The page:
"Man on Wire," Dreams on High

As a garden-variety liberal, I think controversy over things like flag burning is much ado about nothing. But, surprisingly, after seeing the unusually engrossing documentary, Man on Wire (which really isn't about flag burning or politics at all), I've had a minor shift in perception—the kind that can only be initiated by a great work of art.

In 1974, talented and obsessive French tightrope walker Philippe Petit pulled off an amazing feat. He and his friends managed to sneak up to the roofs of the World Trade Center's twin towers with hundreds of pounds of equipment and proceeded to rig a wire between the two buildings. Petit then spent 45 minutes walking and bouncing and dancing and making art so imaginative and transcendent that it can never be replicated again.

Filmmaker James Marsh primarily structures his documentary as a heist film, by having the very animated Petit narrate his incredible story and by staging beautifully shot dramatic recreations that trace the motley crew's "crime," from its complicated planning stages to its suspenseful execution.

The movie manages to say a lot about the artistic process and about how we all can convince others to dream our dreams though the power of our own conviction. But perhaps the most striking thing here, perhaps the smartest act of cinematic and storytelling slight of hand, is that the events of September 11, 2001, are never mentioned even once. This omission is a stroke of genius—by focusing on the past grandeur of the World Trade Center and its symbol of magnificence and wish fulfillment, we are oddly made doubly aware of this country's grand loss when the towers collapsed after terrorist attacks seven years ago. We lost buildings, sure, but what cuts deeper is that not only did the buildings stand but they also stood for something—as did the subsequent rubble. The ruins represented the death of thousands, the dangers of prosperity, and, most heartbreaking, the fall of a nation's perceived innocence and safety. The latter is emphasized by the fact that Petit and his friends were able to pull off the "crime" in the first place and walk away from it scot-free. It would never happen today.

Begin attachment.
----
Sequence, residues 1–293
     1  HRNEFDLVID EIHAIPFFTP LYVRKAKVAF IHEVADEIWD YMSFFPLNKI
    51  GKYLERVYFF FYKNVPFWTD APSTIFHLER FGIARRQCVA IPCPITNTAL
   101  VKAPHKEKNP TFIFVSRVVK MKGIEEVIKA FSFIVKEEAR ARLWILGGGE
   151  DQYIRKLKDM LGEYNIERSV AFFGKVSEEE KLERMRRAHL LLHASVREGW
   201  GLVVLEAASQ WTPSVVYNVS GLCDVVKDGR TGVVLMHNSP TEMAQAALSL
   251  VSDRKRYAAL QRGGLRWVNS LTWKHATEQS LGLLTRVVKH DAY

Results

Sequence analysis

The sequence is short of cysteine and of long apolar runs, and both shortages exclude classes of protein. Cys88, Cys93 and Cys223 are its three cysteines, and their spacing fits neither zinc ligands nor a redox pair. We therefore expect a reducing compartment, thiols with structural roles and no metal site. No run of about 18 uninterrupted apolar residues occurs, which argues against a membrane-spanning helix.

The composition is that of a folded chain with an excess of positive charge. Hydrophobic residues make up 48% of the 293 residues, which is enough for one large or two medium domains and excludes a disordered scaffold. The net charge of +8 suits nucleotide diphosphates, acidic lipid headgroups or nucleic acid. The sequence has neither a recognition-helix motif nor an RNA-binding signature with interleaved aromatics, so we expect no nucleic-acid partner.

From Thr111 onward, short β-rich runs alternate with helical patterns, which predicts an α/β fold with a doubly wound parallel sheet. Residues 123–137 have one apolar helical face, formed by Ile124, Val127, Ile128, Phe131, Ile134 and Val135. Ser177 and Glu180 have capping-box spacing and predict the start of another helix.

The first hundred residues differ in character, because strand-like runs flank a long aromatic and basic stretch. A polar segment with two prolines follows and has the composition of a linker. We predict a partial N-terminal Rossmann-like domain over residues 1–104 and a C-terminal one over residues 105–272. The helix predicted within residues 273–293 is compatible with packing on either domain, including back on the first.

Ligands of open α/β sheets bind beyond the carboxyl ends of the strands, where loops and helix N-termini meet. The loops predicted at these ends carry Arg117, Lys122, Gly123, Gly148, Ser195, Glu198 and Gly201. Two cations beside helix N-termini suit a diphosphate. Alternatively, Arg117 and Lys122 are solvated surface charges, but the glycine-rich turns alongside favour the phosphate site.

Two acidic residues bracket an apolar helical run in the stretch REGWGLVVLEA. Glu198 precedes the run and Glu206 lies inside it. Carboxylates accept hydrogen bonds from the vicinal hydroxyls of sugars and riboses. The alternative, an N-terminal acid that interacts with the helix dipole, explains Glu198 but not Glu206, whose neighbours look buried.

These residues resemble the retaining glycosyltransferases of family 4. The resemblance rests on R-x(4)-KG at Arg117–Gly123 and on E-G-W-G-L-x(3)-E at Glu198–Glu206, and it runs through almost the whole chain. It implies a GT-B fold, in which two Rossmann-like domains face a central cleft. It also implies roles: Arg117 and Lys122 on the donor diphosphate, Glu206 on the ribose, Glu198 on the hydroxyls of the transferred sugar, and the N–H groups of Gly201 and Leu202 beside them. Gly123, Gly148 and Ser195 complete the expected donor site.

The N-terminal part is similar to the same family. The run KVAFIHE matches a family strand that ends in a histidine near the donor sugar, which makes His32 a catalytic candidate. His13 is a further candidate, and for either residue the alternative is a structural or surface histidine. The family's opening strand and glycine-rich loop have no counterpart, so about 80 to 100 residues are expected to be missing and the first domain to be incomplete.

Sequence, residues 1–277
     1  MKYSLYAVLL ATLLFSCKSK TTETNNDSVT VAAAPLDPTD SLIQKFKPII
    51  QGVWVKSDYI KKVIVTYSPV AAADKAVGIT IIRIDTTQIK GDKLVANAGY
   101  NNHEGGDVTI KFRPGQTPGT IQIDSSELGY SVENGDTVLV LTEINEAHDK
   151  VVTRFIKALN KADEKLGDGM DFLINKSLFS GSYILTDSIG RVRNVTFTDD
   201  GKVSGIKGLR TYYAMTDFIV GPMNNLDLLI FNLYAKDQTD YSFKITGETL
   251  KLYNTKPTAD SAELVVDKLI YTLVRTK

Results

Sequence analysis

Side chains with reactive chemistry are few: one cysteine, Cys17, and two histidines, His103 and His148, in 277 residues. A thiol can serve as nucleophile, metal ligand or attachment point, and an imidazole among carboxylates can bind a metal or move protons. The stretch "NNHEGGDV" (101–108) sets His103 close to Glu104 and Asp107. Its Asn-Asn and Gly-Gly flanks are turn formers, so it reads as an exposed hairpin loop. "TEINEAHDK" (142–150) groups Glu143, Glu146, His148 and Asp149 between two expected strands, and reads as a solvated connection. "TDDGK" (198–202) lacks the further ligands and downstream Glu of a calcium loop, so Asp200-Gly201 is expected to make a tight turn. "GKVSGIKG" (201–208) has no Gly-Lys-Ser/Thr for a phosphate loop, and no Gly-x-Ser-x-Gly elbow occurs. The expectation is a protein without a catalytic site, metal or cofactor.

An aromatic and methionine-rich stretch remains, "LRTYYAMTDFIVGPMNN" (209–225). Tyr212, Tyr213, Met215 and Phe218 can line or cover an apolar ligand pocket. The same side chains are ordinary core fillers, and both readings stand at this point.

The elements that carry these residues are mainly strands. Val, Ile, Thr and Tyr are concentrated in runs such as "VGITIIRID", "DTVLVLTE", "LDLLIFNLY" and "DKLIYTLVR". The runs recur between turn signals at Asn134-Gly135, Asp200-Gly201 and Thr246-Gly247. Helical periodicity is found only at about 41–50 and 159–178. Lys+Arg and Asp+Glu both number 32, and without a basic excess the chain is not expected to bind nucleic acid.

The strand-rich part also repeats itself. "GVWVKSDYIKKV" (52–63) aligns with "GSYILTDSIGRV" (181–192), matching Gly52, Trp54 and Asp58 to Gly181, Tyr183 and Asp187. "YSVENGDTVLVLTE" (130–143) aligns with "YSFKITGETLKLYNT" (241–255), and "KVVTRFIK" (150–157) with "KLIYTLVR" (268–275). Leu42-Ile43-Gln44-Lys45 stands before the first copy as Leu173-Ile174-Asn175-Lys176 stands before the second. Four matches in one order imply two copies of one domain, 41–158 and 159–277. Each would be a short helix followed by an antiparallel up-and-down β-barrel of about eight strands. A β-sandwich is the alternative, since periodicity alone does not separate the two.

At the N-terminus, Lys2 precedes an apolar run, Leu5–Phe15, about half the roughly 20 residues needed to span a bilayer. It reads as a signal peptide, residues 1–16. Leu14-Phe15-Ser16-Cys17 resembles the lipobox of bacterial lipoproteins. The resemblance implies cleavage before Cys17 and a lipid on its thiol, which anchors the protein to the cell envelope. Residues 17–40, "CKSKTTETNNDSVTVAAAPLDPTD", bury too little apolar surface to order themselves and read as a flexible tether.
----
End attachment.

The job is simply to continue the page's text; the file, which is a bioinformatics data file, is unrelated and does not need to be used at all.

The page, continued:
Man on Wire also serves as loving tribute to the World Trade Center, and you can't help but get a bit choked up when thinking about what Petit achieved and about how two of his "tools"—the buildings that held him high and proud—have been destroyed.

So while anti-flag burning wingnuts and their past rallies to amend the Constitution still make me roll my eyes, I am reminded of the power of symbols in our everyday lives and the way that some of these symbols take root in our minds and our realities. So when people recoil at the sight of fire to a flag, I am reminded of how much it can actually hurt.



  1. what a perfect tribute to both the event, and the sadness that followed.

    it made me cry.

  2. I got really choked up at the end, alas.

  3. Speaking of those towers that Bush knocked down, I watched a History Channel program where they show all the home videos from 9/11. Brutally emotional stuff. It made me cry AND want to move to New York. Weird, eh?